Here is one way of doing it
# Hospitals = (US Population x % who get sick once per year x % who visit hospital) / (average hospital capacity per year x average hospital utilization rate %)
US population x % who get sick x % who visit hospital: You can segment this out by age bracket and assign higher sickness % and hospital visits % to the more elderly age brackets.
The key assumption here is patients only visit hospitals once. You can add some more assumptions for multiple visits if you like
Average hospital capacity x utilization rate: Assume each hospital has 150 beds, average stay time per patient is 2 weeks, average utilization is 80%. Hence, the hospital can service 3000 patients per year (150 x 25 x 80%)
Putting it all together: Just to illustrate the logic, if US population is 300m, 20% get sick once per year, 10% of that goes to hospital. Then there are 6m hospital visits per year (300m x 20% x 10%).Then each hospital can service 3000 patients.
That then gives you 2000 hospitals.
A quick sense check - 2000 hospitals implies 1 hospital every 150,000 people. I live in San Francisco - which has about 800,000 people and about 5-10 hospitals. So that is about in the ball bark. It might be a bit low because we did not count for people who visit hospitals more than once per year.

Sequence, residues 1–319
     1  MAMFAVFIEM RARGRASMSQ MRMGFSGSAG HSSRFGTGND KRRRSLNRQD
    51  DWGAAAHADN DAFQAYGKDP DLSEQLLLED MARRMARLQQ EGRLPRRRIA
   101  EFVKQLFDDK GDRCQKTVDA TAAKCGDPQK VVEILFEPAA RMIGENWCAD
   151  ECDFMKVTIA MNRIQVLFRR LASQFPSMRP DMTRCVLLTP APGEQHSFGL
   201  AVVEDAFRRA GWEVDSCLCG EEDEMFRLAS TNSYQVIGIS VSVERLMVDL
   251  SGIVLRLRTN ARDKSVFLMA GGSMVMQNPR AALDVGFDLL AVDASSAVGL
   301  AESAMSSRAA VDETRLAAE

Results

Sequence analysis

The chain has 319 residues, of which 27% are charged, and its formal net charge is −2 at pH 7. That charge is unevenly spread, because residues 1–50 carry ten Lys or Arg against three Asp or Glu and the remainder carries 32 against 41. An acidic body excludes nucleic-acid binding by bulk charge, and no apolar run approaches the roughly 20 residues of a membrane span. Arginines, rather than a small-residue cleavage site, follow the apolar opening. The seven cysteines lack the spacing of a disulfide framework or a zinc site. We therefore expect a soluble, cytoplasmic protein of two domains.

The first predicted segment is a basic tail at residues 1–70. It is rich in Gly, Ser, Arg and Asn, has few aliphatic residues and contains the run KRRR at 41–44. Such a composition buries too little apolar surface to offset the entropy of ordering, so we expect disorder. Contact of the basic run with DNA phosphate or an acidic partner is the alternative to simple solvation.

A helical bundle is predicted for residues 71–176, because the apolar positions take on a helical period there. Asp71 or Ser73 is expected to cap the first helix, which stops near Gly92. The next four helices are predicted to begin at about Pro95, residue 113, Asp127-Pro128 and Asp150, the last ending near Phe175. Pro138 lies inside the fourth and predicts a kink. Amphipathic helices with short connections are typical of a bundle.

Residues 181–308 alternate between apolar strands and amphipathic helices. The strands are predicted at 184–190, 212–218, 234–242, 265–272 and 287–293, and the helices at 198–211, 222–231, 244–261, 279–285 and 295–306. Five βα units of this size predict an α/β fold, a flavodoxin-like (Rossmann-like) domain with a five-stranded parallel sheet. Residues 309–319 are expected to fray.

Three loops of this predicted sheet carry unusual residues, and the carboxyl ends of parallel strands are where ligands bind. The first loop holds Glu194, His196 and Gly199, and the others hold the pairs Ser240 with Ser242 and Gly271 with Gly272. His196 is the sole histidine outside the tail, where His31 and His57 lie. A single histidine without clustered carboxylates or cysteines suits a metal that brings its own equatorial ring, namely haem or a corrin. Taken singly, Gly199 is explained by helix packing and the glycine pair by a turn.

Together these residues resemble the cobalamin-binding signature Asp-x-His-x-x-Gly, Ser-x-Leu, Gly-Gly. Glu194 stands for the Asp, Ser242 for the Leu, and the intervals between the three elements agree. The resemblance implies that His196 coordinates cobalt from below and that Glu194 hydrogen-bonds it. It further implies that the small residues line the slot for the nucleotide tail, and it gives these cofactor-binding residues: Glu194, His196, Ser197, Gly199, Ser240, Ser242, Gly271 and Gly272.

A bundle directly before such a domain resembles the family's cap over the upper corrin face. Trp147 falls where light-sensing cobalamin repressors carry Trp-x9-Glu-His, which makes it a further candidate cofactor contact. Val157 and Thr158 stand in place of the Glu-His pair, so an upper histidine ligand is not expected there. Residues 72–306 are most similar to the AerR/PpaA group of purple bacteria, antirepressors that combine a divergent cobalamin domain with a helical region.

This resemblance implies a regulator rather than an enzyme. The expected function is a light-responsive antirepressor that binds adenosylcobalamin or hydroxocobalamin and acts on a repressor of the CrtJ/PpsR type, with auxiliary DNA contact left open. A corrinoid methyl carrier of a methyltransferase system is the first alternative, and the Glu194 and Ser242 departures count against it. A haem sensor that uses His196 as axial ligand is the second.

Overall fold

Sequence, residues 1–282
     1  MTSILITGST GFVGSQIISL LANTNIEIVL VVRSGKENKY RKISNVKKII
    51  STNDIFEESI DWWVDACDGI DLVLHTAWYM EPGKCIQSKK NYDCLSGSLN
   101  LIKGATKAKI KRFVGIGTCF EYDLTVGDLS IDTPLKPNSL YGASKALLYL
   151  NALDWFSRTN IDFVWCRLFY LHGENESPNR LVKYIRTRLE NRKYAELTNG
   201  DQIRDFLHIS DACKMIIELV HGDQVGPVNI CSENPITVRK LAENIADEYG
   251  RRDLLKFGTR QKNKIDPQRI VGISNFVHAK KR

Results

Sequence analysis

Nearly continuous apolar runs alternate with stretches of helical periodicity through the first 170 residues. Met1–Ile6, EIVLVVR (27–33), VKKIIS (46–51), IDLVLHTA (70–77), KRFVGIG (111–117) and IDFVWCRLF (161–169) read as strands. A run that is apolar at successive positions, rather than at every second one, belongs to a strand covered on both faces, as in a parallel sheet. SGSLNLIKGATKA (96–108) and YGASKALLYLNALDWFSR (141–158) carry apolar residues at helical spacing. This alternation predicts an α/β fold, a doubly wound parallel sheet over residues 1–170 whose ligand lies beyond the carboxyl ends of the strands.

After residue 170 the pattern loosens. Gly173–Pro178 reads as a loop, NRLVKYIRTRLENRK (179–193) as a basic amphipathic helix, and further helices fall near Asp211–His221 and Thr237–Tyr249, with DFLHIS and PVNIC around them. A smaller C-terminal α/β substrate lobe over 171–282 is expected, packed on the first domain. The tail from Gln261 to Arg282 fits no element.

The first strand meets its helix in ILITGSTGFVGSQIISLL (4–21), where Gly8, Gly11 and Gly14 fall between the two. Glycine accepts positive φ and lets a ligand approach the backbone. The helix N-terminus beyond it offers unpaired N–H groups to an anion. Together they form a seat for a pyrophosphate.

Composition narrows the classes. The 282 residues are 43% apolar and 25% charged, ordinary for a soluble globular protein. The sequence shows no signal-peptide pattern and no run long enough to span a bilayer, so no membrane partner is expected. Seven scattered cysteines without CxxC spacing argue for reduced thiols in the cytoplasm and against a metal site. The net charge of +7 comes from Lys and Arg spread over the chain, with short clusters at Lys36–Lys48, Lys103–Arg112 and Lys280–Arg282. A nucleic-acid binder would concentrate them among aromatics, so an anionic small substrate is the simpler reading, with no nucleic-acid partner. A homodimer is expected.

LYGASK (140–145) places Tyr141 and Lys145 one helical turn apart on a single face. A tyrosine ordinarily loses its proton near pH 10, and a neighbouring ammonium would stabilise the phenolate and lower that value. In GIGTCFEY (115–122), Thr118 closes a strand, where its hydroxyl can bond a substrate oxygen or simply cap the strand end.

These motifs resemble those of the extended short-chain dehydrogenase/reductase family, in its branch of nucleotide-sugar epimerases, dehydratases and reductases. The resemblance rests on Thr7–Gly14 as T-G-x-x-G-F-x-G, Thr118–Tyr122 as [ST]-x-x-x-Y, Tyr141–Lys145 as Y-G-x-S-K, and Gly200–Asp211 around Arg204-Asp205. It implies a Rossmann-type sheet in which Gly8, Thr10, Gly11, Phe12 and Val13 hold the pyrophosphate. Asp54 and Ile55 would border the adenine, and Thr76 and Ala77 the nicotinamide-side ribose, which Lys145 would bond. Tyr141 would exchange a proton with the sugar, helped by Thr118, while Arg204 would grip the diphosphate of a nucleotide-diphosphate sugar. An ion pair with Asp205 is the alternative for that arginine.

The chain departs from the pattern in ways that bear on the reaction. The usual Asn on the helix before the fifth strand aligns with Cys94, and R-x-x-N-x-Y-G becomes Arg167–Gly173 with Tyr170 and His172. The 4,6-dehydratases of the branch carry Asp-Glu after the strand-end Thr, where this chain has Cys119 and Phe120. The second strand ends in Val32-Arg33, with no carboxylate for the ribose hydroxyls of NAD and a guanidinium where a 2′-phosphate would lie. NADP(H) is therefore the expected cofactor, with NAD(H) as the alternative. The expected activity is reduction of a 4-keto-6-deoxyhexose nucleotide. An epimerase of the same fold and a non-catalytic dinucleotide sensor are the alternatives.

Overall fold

Hope that helps!
You could approach this from the supply side or demand side.
For the demand side:
1.) Determine on average, how many patients per hospital in a given year (i.e the market just for one hospital).
2.) Determine the size of the us population
3.) Divide the US population by the number of patients per hospital to get total hospitals in the US
There are of course several other ways to do this, most of which are more complex- but this is a basic framework you could use.
2 solid answers already; here's a 3rd approach using 'baby math', which you can even use at the end of a more complex estimation approach to confirm the result makes directional sense
- You know how many hospitals are in a small area you come from (100k people live here, 2 hospitals). This suggests 1 hospital per 50k inhabitants
- Let us further assume the local population needs medical care at roughly the same rate than the average in the country, and our hospitals are roughly the average size
- There are 300M people in the US
- I would therefore expect there to be ~6,000 hospitals in the US
(1) always more than 1 way to skin the cat (poor cat);
(2) some cases are all about the market sizing so it makes sense to run a very detailed scenario, but others only require a very high level market sizing to time is of the essense;
(3) last but not least, you know the estimation will be wrong, and your interviewer doesn't know the right answer either. Better be roughly right than precisely wrong.